County Elasticity: A Metric for Quantifying the Bipartisan Voting Tendencies of a County


The concept of a "swing state" is thought to be an easily-understood notion in politics -- it's a state that could tip either way in any given election. However, one of the biggest misassumptions in politics is the notion that swing states are all comprised of moderate swing voters. While this is certainly true for some states, like Wisconsin, it definitely isn't the case for all of them; in fact, several swing states, like Florida and North Carolina, are home to relatively few swing voters. The closely contested nature of these states comes instead from a relatively equal set of committed partisans on each side, and election victories in such states generally go to the candidate that can turn out the most voters on their side.

This is a tough thing to measure, however -- how can we understand which category certain states fall in? One thing we could examine is the tendency for the state's counties to swing between parties across elections -- for example, a county could vote for the Republican by a 5 point margin for Governor and vote for the Democrat by a 10 point margin for President, indicating a high degree of openness to voting for any candidate, regardless of party. Examining this tendency should thus help us gauge the partisan loyalty of a county across offices and would thus provide a rough but vote-based estimate of the types of voters in an area and their tendency to swing between parties. With context, this would greatly help us in identifying how persuadable voters in counties really are.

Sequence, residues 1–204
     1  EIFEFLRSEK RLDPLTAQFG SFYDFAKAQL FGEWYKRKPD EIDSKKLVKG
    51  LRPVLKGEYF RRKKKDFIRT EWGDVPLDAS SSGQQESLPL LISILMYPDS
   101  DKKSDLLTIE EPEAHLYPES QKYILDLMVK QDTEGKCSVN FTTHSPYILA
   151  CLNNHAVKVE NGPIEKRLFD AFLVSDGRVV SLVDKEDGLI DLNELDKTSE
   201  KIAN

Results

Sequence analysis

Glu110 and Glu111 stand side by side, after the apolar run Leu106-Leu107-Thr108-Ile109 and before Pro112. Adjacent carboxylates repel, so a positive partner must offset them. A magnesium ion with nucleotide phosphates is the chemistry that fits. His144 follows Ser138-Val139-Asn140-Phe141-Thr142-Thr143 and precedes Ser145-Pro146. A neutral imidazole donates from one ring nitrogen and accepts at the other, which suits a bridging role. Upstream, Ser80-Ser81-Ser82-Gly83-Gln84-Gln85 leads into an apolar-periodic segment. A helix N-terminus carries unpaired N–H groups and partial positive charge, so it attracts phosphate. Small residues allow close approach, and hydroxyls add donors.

Understanding the composition of voters in areas is an extremely important thing for candidates, as it helps them figure out what resources to devote to where and aids in setting campaign strategy for maximizing the ultimate goal: votes. For example, Joe Biden would likely be wasting his time airing ads about bipartisanship in a county like Florida's Broward County that already is 66% Democratic -- he'd be much better off airing those ads in Wisconsin, where more swing voters exist, and investing in a heavy turnout machine in Florida to turn out his base instead (a strategy that won Obama the state twice) .

To measure this tendency, we'll introduce a concept called "elasticity" for counties. This concept measures the deviations in a county's percentage-based vote margin across a set of elections, which we use as a proxy for the openness of a county's voters to voting for candidates across the political spectrum, regardless of political affiliation.

The metric is computed as follows: For any set of elections {A, B, C, D, ...}, we plot the (Republican, Democrat) vote by county on an (x, y) coordinate scale and compute the pairwise Euclidean distance between all points. These distances are then all summed to obtain an elasticity score for the county.*